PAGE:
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Meeting Information for December 2002

The next meeting of the LA Area DB2 User Group will be held on December 5, 2002 at American Honda in Torrance. The meeting room will open at 8:30am for coffee and refreshments with the first presentation beginning around 9:30.

Driving Directions: The American Honda campus is located at 1919 Torrance Blvd, Torrance, CA 90501. The telephone is (310) 783-2000. It is about 1.5 miles south of the 405 Freeway and about 1.5 miles west of the 110 freeway. Click here for directions and a map.


PRESENTER: MICHAEL SCOFIELD

Michael Scofield is a popular speaker, author and consultant on data architecture, data warehousing, and data quality. Most recently, he was Director of Data Quality for Experian (formerly TRW Credit Data) in Orange, California. Prior to this position, he was Vice President and Manager of Information Quality for Home Savings of America (Los Angeles). He is keenly interested in data quality assessment, and reverse engineering and mining of production databases.

His articles on data architecture and data quality techniques have been published in Information Week, IBI System Journal, Data Management Review, and the Database Newsletter. His speaking engagements include DAMA-International conferences, Meta-data Conferences in London and the U.S., various DAMA chapters, DB2 user groups, and The Data Warehousing Institute. He also writes humor, published in the Los Angeles Times and other journals.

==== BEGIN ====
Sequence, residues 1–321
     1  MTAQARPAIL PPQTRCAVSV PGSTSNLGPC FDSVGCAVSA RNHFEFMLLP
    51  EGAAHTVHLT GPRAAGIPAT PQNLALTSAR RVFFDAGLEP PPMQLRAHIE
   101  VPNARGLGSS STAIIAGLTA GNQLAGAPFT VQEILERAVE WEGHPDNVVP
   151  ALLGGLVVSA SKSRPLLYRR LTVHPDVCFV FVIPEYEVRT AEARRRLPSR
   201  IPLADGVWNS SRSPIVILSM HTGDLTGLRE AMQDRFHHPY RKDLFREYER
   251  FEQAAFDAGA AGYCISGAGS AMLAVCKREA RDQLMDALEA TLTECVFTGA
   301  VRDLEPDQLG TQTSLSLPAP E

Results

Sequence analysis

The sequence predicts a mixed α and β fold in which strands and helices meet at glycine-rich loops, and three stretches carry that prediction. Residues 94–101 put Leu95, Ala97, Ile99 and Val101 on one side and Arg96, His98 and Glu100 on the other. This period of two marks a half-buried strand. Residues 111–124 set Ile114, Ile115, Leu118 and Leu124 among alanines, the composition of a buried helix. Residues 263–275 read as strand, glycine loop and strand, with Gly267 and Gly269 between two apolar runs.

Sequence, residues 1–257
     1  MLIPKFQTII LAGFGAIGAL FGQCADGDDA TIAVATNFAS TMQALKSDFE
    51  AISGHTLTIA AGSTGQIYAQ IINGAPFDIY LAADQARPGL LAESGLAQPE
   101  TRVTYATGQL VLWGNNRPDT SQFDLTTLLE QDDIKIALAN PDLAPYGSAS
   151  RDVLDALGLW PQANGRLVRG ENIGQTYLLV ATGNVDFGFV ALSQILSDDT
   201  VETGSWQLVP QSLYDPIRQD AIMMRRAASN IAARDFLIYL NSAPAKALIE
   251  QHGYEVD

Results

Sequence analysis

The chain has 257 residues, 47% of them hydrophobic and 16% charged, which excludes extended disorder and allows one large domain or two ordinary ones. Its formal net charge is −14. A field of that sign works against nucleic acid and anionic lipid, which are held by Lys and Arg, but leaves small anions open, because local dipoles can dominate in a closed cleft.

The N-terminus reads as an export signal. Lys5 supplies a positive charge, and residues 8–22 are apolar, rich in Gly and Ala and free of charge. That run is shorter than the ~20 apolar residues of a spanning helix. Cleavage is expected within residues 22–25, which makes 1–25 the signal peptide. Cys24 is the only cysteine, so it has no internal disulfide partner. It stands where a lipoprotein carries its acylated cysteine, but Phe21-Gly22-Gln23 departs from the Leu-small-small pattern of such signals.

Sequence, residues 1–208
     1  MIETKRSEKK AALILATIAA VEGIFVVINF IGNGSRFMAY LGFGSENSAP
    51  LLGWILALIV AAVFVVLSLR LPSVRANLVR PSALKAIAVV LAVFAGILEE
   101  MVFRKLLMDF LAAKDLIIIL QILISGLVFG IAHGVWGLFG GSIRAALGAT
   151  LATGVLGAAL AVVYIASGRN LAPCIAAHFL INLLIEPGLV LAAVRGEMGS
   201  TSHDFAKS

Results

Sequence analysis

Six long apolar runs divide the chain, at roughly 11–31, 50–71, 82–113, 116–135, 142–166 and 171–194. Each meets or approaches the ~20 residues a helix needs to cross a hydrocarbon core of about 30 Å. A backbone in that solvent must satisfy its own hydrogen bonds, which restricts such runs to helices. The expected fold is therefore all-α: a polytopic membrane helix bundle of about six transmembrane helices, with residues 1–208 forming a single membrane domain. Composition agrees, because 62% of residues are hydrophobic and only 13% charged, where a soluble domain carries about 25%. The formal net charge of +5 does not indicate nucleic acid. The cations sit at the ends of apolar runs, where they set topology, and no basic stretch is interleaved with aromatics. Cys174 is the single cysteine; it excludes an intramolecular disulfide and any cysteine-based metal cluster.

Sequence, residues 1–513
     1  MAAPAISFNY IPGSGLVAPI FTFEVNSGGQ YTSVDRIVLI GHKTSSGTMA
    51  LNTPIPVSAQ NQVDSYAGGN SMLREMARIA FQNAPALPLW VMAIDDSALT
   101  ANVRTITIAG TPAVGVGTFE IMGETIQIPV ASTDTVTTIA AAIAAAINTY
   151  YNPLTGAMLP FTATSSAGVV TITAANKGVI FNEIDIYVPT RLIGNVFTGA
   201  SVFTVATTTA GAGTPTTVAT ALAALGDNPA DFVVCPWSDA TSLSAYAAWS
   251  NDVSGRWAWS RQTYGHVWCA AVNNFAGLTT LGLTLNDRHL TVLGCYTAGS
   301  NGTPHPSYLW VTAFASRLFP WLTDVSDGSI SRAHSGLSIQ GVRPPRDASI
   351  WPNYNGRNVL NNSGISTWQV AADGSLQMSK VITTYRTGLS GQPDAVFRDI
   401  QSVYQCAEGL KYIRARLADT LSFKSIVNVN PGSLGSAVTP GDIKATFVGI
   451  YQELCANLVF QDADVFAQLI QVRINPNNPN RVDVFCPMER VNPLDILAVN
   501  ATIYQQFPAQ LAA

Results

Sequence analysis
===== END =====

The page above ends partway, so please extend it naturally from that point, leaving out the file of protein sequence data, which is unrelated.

PRESENTATION: The Importance of Data Architecture for Avoiding ERP Disaster and
Preserving Quality in the Data Asset

For a variety of reasons, companies are looking to the "silver bullet" offered by ERP and other broad-spectrum business application packages to resolve their business application backlog. For some businesses, this may be a suitable alternative, but for many mature businesses, it could be a serious mistake.

Fundamentally, your business has a logical data architecture, whether you model it or not. The physical data architecture reflected in existing relational databases may not be keeping up with the business logical model. Indeed, existing applications (legacy or ERP) and their underlying databases may actually retard the natural morphing of the business.

This presentation will look at data architecture. Why it is hard to understand. Why it is hard to explain to executives (let alone legacy programmers). Why enterprises develop fragmented data architectures. What companies tried to achieve with ERP packages. Why they may be disappointed. What are the potential points of failure in the disconnect between the legacy logical data architecture, and the package's data architecture. How to spot the problems. How they might be mitigated.

Running businesses on ERP packages and the remaining legacy applications provides significant data integration challenges. We will look at those challenges, what semantic data integration is really about (it is far more than mere name and address). Akin to this is a review of the fundamentals of data quality, and how it applies to the evaluation and planning of the ERP conversion.

Scary stuff!


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